The following is an excerpt from OpinionJournal’s “Best of the Web” at WSJ written by the editor, James Taranto.
Out on a Limb
“Jeb Bush Is Not the GOP’s Ideal ‘Change’ Candidate”—headline, National Review Online, March 12
Why Do Bad Things Always Happen to Him?
“For MSNBC’s Al Sharpton, Two Officers Shot in Ferguson Is ‘Frustrating’ ’—headline, Washington Examiner, March 12
It’s a Cookbook
National Journal’s Ron Fournier weighs in with a cornpone denunciation of partisanship: “ ‘Two wrongs make it feel right’ ought to be the motto of Washington, where I work. Not a news cycle goes by without one group of partisans justifying abhorrent behavior by pointing to the bad deeds of another group of partisans.”
In other words, Fournier doesn’t like tu quoque arguments—a preference that is not without justification. But one of his examples illustrates the limits of such reasoning:
Forty-seven Republican senators seek to undercut delicate negotiations between the White House and Iran, an extraordinary insult to the office of the presidency. Do they acknowledge that their political stunt could backfire on the United States and set a precedent that future GOP presidents might regret? Some do, cautiously, but most don’t. Nancy Pelosi did it first!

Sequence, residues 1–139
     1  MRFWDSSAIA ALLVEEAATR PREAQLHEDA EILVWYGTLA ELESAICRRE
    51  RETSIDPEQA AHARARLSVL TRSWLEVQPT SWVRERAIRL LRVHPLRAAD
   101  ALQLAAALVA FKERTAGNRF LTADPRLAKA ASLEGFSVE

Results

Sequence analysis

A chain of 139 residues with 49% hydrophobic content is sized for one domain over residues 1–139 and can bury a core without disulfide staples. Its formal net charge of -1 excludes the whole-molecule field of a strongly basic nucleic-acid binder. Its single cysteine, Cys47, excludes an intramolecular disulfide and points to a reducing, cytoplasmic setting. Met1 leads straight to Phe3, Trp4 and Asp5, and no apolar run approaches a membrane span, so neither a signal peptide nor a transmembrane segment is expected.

Whether Pelosi did “it” first may be a matter of dispute. But if she did, it is a pertinent rejoinder to the criticism of Republicans. Fournier faults them for possibly setting “a precedent that future GOP presidents might regret.” But if Pelosi did it first, the precedent was already set.
The New York Times’s David Brooks, meanwhile, offers this “sophisticated” take:
It used to be that senators didn’t go out campaigning against one another. It used to be they didn’t filibuster except in rare circumstances. It used to be they didn’t block presidential nominations routinely.
It used to be that presidents didn’t push the limits of executive authority by redefining the residency status of millions of people without congressional approval. It used to be that presidents didn’t go out negotiating arms control treaties in a way that doesn’t require Senate ratification. It used to be that senators didn’t write letters to hostile nations while their own president was negotiating with them.
All the informal self-restraints that softened the brutality of politics are being torn away. It’s like going to a dinner party where all the little customs of politeness are gone and everything is just grab what you can when you can.
We thought that was called the “kiddie table.”
For more “Best of the Web” click here and look for the “Best of the Web Today” link in the middle column below “Today’s Columnists.”